Section 4 of the Biden Administration’s Executive Order on improving the nation’s cybersecurity focused on the supply chain. I wasn’t surprised.
The supply chain is especially challenging to secure because of its complexity.
Consider automobile manufacturing as a contrast. In this industry, engineers design each piece: auto frames, engine components, parts and sub-components – specifically for each vehicle. Each element has specifications that ensure durability and safety.
Conversely, think of a security buyer’s Proof of Concept (POC) and Procurement process. In many circumstances, compliance will demand solutions or desired end-states that can be addressed by any number of products. Rarely is there a defined set of specifications that the supplier builds to. When was the last time your firewall vendor custom made a product for you?
Sure, you can tailor the configuration, but it isn’t custom built for your specific purpose and nothing else. Instead, the supplier creates a product that has the widest possible applicability in order to capture the largest piece of the market. What’s more, every vendor is in a race to build, release, and deliver products quickly to keep up with a fast-moving market.
Added to this (and just like in the automobile industry), vendors are under pressure to deliver profits. In order to do so, something has to give. In the case of SolarWinds, the pursuit of profits caused them to compromise on security. We simply cannot let this happen again.
Security practitioners rely on other solutions to “watch” other products, but unfortunately, there are challenges with this, too. Again, in the case of SolarWinds, its endpoint detection solution had always flagged SolarWinds software as malware, so much so that SolarWinds recommended disabling the monitoring capabilities of its software in a Knowledge Base (KB) article.
So, what should we do?
Before the Executive Order, Jonathan Reiber of AttackIQ and I published a blog in Lawfare that outlined what we hoped to see from Biden’s Executive Order. One item that we didn’t explore is the Supply Chain. I’d like to examine a few thoughts here:
Any endpoint monitoring tool needs to have a robust program to monitor third parties, but without creating false positives. This will be pricey for endpoint vendors, but the benefits could be huge! Unfortunately, the expense of these programs, coupled with customers’ price sensitivities, will make this difficult to achieve.
The Executive Order acknowledges that software development lacks transparency, but the question is how to remove the veil to ensure that a supplier’s supply chain has not been compromised. For this, I recommend not reinventing the wheel, but rather looking at one of our international peers: France.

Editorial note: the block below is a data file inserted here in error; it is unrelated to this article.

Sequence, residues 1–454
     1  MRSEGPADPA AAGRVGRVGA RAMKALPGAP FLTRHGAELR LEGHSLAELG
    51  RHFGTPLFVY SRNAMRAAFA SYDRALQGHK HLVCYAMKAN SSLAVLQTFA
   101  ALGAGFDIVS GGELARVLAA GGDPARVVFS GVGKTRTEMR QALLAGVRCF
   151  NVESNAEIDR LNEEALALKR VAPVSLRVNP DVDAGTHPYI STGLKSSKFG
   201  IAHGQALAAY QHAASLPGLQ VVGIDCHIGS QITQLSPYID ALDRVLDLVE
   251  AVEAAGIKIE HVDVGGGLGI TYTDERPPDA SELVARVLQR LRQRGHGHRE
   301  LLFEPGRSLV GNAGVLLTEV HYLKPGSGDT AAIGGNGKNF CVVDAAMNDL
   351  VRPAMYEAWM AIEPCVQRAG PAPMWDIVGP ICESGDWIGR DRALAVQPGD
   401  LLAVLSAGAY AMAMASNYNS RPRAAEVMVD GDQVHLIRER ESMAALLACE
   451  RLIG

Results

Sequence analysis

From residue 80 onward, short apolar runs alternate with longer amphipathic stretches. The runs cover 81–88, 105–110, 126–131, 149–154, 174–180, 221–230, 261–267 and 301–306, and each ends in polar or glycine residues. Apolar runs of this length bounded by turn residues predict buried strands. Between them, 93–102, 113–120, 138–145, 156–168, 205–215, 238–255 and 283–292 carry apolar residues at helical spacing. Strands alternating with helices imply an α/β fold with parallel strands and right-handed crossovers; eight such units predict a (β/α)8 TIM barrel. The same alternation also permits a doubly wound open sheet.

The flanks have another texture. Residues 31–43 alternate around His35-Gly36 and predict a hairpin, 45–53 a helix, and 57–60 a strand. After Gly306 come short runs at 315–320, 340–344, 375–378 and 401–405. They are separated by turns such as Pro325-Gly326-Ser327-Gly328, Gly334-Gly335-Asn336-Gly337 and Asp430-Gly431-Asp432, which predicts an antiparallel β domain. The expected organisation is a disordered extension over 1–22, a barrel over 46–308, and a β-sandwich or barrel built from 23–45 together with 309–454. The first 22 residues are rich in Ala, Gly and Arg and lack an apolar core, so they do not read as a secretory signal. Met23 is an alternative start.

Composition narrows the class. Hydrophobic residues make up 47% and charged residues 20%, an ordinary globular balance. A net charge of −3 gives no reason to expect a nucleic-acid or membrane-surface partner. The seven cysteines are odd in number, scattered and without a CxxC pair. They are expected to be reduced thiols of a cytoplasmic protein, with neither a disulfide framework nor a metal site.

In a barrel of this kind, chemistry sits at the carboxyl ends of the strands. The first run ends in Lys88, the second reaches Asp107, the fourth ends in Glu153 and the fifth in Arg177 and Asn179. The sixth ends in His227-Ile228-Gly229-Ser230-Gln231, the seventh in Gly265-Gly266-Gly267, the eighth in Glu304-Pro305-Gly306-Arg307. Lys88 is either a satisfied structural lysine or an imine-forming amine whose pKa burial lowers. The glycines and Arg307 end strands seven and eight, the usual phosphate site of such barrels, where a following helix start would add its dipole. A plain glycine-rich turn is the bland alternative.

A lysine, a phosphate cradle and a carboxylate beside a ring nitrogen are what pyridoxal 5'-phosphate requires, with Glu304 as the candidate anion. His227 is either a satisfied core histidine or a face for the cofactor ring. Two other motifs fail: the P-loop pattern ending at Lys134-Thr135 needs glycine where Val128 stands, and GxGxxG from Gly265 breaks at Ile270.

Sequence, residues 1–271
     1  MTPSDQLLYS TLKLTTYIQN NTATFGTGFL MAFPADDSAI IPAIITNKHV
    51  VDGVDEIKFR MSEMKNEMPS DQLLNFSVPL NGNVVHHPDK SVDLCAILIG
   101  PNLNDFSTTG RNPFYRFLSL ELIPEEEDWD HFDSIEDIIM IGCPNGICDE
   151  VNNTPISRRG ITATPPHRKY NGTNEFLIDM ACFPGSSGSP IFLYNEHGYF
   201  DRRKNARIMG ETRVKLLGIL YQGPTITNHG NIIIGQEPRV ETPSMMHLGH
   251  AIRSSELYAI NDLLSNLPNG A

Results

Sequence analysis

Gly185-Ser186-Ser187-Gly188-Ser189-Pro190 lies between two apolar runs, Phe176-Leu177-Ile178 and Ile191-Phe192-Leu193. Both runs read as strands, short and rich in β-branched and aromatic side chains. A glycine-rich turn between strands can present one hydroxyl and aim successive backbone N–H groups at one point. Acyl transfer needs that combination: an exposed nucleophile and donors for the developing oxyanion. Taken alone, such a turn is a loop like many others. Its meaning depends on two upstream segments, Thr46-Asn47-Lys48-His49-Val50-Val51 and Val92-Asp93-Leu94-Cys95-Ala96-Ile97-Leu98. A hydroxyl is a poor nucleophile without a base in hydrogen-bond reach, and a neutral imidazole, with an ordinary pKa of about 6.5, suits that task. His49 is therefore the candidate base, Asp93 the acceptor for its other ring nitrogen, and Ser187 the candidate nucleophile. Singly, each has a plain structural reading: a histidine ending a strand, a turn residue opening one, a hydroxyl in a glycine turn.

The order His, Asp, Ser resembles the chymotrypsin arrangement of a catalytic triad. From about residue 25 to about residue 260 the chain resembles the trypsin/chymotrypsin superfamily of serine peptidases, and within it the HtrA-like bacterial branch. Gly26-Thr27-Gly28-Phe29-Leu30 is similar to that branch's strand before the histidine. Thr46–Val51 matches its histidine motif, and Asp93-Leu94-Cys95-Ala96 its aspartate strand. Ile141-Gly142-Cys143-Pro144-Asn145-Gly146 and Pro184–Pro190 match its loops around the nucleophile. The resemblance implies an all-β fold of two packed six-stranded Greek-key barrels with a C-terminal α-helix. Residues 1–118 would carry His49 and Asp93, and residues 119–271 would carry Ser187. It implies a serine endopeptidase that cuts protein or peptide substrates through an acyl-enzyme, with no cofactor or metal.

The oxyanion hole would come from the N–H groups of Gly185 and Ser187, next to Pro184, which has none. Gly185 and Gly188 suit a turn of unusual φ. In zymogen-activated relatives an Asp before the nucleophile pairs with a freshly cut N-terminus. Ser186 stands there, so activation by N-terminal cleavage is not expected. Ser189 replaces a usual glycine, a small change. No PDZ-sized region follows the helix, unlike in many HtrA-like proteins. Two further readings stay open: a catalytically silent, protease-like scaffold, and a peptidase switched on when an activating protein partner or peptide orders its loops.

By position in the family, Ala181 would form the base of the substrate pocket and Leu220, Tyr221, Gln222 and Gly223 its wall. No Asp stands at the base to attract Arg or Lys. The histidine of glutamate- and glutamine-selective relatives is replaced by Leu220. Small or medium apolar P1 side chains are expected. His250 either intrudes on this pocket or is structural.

The French Government developed an agency, ANNSI, that identifies critical infrastructure (not just government infrastructure), sets standards for protecting that infrastructure, and then audits vendors that supply the software that protects that infrastructure.
The benefit of this approach is that software vendors do not look at the regulator as a competitor, and ANNSI does not “steal” software. Instead, it ensures the safety of French infrastructure by auditing suppliers.
One last note on ANNSI. As stated above, ANNSI does not apply its principles only to government infrastructure, but also to “critical” infrastructure. At Illumio, we have seen this agency’s involvement in French pharma, manufacturing, banking, and other infrastructure that is deemed “critical” to the French people.
It would have also helped in the Colonial Pipeline ransomware attack (which is obviously also critical infrastructure).
In many ways, capitalism and our fierce American independence may not make the two items above possible. Many Americans would not appreciate the government dictating how to run their business. So, what else can we do?
The answer is simple and many private sector organizations are already doing it: Zero Trust.
Adopting a Zero Trust framework ensures that if a supply chain attack occur, the event is compartmentalized.
The Biden Administration’s Executive Order agreed with this thesis. Section 4(i) states that critical infrastructure must have least privilege and network segmentation - in other words, they must apply the principles of Zero Trust.
Applying a Zero Trust framework does not obviate the need for auditing an organization’s supply chain. But even if the supply chain was fully audited for known supply chain hacks – Zero Trust protects against unknown supply chain attacks.
By auditing how a vendor brings in third party software to ensure it isn’t falsely flagged as malware, looking at software coding practices, and using complex passwords, organizations can help to protect the supply chain. That said, today’s bad actors (nation-state sponsored or sponsored by organized crime), will find a way. The question is how to limit the blast radius when it happens?
The answer is Applying Zero Trust– and last week’s Executive Order shows that the government is on its way!
Are you looking to meet the White House's Executive Order requirements faster? Learn how here or join us for a workshop where you'll learn how to design a Zero Trust architecture for your federal agency.